How Many Islands Does Croatia Have?
May 15, 2018 – A country of 1000 islands actually has quite a bit more… but how many are there exactly?
You’ll often see Croatia promoted as the country of a thousand islands. It always seemed like a pragmatic approach – there are more than 1000, of course, but such a rounded number has a certain sleek appeal to it. It sounds way better than, say, a country of 1244 islands. That just looks like an opening line to a math problem.
Marketing aside, how many islands does Croatia actually have? It turns out, a consensus on that particular topic hasn’t yet been reached. Several entities have their own individual opinions on the exact number and they all seem to differ, so we end up hearing about a new version every so often, leaving both us locals and tourists confused.
The Croatian National Tourist Board has occasionally cited the mentioned number of 1244 in their promotional campaigns. The fact was confirmed by the Ministry of Tourism; in 2010, they referred to the figure as the latest data collected by the Hydrographic Institute of the Republic of Croatia (HHI). And yet, as stated in this report by Jutarnji, experts from the Cartographic Department of the Hydrographic Institute said there were actually 1246.
Biševo / Romulić and Stojčić
An older version of the article about Croatian islands on Wikipedia used to state there were 991; it has since been altered to cite 1244. Those who were looking up Croatian islands a decade or two ago might remember 1185 popping up here and there; this particular figure was established in the 50s and updated in the meantime owing to more refined technology. It’s no wonder some people are perplexed – the best example I’ve come upon is a travel piece titled ‘Croatia’s 1244 Dalmatian islands’. We might not be sure how many there are precisely, but they certainly aren’t all Dalmatian. At least one thing we can all agree on.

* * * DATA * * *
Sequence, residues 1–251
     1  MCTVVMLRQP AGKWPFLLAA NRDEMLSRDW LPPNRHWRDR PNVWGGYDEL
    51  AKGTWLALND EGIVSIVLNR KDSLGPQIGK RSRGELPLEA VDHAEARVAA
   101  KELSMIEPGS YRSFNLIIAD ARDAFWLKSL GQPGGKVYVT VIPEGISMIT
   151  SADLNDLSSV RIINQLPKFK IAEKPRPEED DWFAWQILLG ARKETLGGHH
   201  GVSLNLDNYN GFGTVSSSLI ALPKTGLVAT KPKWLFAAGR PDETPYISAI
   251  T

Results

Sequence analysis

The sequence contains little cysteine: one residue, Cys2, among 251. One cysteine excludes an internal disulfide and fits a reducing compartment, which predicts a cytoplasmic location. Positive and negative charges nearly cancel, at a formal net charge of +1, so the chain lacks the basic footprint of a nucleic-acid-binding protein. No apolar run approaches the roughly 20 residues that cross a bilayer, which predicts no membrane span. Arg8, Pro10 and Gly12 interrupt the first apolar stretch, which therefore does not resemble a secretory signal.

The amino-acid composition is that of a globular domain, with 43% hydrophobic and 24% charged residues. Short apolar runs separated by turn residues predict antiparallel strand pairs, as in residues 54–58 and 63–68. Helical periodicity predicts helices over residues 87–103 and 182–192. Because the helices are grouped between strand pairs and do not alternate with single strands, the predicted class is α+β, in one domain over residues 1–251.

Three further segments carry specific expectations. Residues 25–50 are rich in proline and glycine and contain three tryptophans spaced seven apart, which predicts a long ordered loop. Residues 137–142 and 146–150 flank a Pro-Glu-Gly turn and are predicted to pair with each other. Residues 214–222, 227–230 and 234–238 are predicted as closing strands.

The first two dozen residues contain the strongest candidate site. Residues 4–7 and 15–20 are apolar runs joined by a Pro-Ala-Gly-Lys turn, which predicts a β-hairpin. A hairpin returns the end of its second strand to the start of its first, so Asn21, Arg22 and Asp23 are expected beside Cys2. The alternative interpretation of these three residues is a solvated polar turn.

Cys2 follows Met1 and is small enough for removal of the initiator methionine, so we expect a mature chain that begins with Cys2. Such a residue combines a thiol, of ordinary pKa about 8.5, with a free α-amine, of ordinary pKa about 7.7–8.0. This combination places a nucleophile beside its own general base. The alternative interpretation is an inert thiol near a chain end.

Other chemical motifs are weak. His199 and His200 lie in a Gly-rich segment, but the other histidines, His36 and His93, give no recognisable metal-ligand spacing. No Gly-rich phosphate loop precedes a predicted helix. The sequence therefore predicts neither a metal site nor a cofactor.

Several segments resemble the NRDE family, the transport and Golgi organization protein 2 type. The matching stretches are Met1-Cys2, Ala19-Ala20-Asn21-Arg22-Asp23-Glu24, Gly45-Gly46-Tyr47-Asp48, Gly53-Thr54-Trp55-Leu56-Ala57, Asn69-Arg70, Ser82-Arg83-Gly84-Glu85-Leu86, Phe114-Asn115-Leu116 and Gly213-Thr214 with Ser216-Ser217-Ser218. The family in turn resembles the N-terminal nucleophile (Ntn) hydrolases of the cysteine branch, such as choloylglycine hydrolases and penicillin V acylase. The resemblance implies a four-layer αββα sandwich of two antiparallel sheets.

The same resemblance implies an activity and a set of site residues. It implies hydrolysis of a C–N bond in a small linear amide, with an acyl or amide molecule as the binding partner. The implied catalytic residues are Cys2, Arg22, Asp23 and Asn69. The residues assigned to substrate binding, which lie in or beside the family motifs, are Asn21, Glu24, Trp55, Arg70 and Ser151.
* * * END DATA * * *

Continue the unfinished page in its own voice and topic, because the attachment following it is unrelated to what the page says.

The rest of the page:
Where to look for the source of all the confusion? Well, the sole definition of an island is a good place to start. The Hydrographic Institute classifies every landform surrounded by water with a surface bigger than 1 km2 as an island. Those between 0.1 and 1 km2 are considered islets, and those that are smaller than 0.1 km2 are classified as rocks.
Rab / Romulić and Stojčić
Out of those 1244, only 78 are actually proper islands (or 79, depending on the source); 525 are islets, while 642 are rocks and reefs. According to an expert from the Cartographic Department quoted in Jutarnji’s piece, pinpointing the exact number can be tricky. Relying on aerial views isn’t always a foolproof way of establishing the size of an island, which is why some tend to end up in the wrong category, and there’s not enough personnel to allow for collecting data on the ground. “We had 130 employees before the war, and now there are 85. This is why we don’t have time to count the islands; we prioritise construction of nautical charts to ensure safe navigation”, said Pijo Bročić from the Cartographic Department of HHI. Fair enough.
All things considered, speaking from a realistic point of view, you probably won’t be losing any sleep over the exact number of rocks in Croatia. The most popular island destinations are very much alive and kicking, and they’re not about to fall off the map any time soon – pun intended.
Explore the island tag on TCN for news and stories from the Adriatic coast.